By Kelly A. Briganti, Editorial Director, G2 Intelligence
The HHS Office of Inspector General (OIG) has issued its opinion on the top things the government isn’t doing that could generate cost savings and improve quality of HHS programs and thus should be an implementation priority. The OIG’s March 2015 edition of its Compendium of Unimplemented Recommendations responds to the Consolidated Appropriations Act of 2014 mandate for the OIG to identify top 25 unimplemented recommendations that it thinks would best protect HHS programs. The Compendium includes the following among its Top 25 items needing priority attention:
- Update the “Audit Tracking and Reporting System” to make sure it “accurately reflect[s] the status of audit report recommendations” and thus ensure collection of Medicare overpayments (recommended in May 2012)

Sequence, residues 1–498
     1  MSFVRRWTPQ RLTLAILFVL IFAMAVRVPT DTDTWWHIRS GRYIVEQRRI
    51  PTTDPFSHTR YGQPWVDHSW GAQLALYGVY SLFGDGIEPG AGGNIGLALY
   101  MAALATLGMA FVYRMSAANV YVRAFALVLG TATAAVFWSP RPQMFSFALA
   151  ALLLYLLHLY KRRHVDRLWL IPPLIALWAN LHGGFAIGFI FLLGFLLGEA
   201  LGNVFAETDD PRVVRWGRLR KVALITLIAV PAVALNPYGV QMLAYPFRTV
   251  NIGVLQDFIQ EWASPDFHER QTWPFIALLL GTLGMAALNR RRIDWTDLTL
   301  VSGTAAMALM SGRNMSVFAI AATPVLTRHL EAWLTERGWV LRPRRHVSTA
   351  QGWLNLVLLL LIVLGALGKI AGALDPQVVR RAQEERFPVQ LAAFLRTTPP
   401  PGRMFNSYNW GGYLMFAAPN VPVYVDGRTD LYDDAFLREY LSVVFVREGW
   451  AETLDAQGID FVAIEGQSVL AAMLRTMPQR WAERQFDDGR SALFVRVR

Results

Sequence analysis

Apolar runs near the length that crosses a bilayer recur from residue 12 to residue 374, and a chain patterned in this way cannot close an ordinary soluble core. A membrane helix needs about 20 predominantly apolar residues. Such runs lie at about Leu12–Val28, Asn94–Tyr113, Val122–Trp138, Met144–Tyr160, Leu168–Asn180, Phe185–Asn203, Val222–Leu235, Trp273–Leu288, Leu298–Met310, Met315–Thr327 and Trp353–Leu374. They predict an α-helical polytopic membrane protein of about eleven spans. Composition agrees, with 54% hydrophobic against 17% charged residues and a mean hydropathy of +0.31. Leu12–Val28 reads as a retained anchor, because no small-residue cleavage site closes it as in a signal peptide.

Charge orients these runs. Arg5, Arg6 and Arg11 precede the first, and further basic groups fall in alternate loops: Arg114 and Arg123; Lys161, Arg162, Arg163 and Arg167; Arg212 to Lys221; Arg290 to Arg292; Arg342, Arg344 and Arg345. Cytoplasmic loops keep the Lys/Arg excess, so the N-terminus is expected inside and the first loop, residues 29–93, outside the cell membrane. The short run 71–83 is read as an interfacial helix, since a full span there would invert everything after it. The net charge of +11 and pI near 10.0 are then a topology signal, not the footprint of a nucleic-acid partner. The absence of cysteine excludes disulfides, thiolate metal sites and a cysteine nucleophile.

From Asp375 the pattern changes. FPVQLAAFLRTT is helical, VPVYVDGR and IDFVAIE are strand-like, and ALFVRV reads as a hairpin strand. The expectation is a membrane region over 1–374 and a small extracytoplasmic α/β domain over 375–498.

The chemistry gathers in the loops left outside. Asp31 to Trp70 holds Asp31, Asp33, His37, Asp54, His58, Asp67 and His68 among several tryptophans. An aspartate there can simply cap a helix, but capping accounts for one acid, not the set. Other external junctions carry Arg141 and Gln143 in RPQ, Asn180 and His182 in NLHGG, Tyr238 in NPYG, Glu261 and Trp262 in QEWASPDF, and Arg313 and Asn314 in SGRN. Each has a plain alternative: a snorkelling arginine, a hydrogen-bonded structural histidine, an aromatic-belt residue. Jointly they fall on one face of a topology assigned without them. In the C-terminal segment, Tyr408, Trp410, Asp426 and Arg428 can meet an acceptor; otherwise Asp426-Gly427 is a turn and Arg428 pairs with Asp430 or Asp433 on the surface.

- “Reduce hospital outpatient department payment rates for ambulatory surgical center-approved procedures” (recommended in April 2014; predicted to save $15 billion)
- Implement standardized and electronic case files for appeals to improve the Medicare appeals process at the ALJ level and address a backlog that grew from 44,000 cases to 384,000 cases between 2010 and 2013 (recommended in November 2012) (for more information about Appeals issues, see the March issue of G2 Compliance Advisor)
- Develop a “comprehensive plan to address fraud vulnerabilities in electronic health records” (recommended December 2013)
The compendium’s Appendix lists not only the Top 25 issues but all “significant” unimplemented recommendations and includes two relevant to laboratories:
- Imposition of beneficiary deductibles and coinsurance to control utilization and ensure the Medicare fee schedule is in line with what physicians pay for laboratory tests. These efforts are estimated to generate $23.8 billion in savings over ten years, based on a 2008 Congressional Budget Office report.
- Review laboratories for questionable billing practices, evaluating whether “program integrity strategies … effectively identify program vulnerabilities associated with lab services.”
These Appendix items are not terribly new for laboratories but it reiterates that laboratories remain a top enforcement priority and target for cost savings strategies.